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One of the most difficult and challenging financial situations I see in my line of work is when a young adult moves back in with their parents after graduating from college, both for the parents and the young adult moving back in. This isn’t an uncommon situation as this young adult generation is known as the “Boomerang generation.” The reason why this is a tough situation is that while it can be a helpful situation, it can also have a harming impact on the young adult. If you are facing this situation, here are three things to consider before you move back home or have your child move back in.
How long is this arrangement going to last?
By answering this question first you are making sure that everyone is on the same page. A lot of times frustration occurs when one party (usually the parents) assumes that it’s going to be a 6 month deal and the other (usually the young adult) thinks it could be longer. So I recommend first setting a time limit of how long the arrangement will last. It helps the child get in the right frame of mind of going somewhere and forces them to get everything situated in the time frame. A little motivation and pressure never hurt anyone and that way they shouldn’t be upset or angry when the time comes to move out. In addition, you won’t have to look up five years later and find yourself in the same situation.
What are the rules in the house going to be?
This happens all the time. The young adult moves out after high school, experiences some freedom and independence as a young adult, then they have to move back in and don’t like following the rules at the parents’ house. Conflict ensures and anger and resentment build. However it’s the parents’ home, so they get to make the rules. If you don’t like it then you can live somewhere else. Is it okay to have friends over, what time do they need to be home, what chores do they need to do around the house are things that need to be discussed beforehand. Also the issue of money should be discussed. Will the child pay any rent, contribute to the utility bills, or buy their own food?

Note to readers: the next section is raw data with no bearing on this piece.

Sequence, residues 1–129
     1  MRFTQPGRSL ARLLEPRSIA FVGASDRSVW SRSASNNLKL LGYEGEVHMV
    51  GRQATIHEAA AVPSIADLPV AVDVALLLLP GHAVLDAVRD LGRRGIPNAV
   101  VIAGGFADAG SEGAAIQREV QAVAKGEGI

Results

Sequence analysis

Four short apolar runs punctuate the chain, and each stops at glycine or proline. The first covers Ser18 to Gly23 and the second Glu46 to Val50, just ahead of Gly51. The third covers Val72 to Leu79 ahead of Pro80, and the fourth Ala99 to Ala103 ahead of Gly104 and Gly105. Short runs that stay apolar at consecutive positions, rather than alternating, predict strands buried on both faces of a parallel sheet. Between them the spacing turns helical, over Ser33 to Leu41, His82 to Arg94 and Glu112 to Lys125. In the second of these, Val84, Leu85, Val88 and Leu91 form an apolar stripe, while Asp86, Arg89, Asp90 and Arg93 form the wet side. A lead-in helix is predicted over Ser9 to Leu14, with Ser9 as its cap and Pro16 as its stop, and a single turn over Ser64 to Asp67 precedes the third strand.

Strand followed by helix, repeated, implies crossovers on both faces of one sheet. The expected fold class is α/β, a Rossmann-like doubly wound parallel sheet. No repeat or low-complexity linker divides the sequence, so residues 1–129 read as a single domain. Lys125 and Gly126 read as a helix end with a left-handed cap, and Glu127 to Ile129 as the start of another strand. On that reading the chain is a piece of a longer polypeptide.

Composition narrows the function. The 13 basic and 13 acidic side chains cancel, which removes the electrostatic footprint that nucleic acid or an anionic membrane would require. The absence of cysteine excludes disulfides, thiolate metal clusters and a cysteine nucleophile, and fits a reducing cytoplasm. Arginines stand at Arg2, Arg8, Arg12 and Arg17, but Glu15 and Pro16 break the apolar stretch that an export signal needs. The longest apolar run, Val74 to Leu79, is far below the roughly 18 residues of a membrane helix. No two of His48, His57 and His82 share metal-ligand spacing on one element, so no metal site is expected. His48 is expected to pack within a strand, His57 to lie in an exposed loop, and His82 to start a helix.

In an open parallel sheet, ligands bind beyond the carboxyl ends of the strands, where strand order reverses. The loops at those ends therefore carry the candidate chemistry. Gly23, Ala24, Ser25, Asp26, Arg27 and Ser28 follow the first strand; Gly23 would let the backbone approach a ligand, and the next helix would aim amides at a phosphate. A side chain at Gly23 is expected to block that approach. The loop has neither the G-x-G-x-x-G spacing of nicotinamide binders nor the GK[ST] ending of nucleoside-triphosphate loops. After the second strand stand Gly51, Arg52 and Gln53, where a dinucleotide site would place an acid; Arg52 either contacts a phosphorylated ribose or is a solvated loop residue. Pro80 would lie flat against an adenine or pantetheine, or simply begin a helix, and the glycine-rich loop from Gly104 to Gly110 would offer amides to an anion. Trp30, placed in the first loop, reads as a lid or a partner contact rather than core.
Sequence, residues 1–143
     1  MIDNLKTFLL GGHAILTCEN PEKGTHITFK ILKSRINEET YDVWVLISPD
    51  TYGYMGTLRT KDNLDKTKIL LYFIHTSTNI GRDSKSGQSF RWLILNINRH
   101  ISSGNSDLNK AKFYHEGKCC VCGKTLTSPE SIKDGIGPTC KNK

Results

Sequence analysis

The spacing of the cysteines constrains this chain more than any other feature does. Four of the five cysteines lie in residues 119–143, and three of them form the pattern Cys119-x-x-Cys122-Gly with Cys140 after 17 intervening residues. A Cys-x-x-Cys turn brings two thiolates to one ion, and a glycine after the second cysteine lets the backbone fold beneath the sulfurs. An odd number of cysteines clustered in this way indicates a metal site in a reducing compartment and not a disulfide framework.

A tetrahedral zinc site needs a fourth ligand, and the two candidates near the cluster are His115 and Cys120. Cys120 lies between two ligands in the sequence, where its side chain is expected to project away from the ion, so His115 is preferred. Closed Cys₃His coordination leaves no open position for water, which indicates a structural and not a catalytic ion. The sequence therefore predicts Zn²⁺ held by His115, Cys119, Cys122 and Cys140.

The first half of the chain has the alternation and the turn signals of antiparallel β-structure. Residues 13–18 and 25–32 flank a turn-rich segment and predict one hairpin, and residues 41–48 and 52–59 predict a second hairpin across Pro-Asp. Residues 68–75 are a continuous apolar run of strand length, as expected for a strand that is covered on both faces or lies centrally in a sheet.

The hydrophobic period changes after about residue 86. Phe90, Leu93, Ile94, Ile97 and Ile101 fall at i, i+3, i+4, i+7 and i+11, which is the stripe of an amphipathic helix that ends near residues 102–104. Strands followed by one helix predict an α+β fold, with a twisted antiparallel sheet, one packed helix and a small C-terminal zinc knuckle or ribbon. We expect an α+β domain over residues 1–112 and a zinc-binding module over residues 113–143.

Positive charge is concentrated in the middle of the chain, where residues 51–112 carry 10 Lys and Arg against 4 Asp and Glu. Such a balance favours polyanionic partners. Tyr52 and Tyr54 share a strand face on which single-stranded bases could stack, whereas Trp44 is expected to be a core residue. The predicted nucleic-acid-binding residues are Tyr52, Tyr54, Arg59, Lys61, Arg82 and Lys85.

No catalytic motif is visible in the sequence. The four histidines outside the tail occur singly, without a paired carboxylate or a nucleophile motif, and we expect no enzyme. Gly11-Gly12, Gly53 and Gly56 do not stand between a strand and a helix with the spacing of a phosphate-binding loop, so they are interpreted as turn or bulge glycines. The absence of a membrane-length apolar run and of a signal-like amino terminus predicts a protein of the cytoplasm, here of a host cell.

What must happen for the young adult to move out?
For both sides the goal is not to have this become a long term endeavor. So decide what must happen for them to move out. Do they need to reach a certain income level? Or do they need to pay off their debt first? What can happen is that the child has it so good at home and they are saving a lot of money so they don’t want to move out. But you need to realize that while living on your own at first might not be as a good as living at home, it is important to learn those adult life skills such as paying rent, buying groceries, and establishing your own budget.
While it has become the norm to move back in with the ‘rents after school, it might not be the ideal way to go. That’s because it sometimes become a permanent ideal if you aren’t careful. Part of the problem is not establishing the ground rules first. But if the both of you have honest discussions and agree on what this time will look like, it can be used as a good launching pad and not a failure to launch.
For parents, would you consider having your child move back in after college? What rules would you make sure your child followed if they moved back in?
Have you ever considered moving back home? What made you decide to do it or not?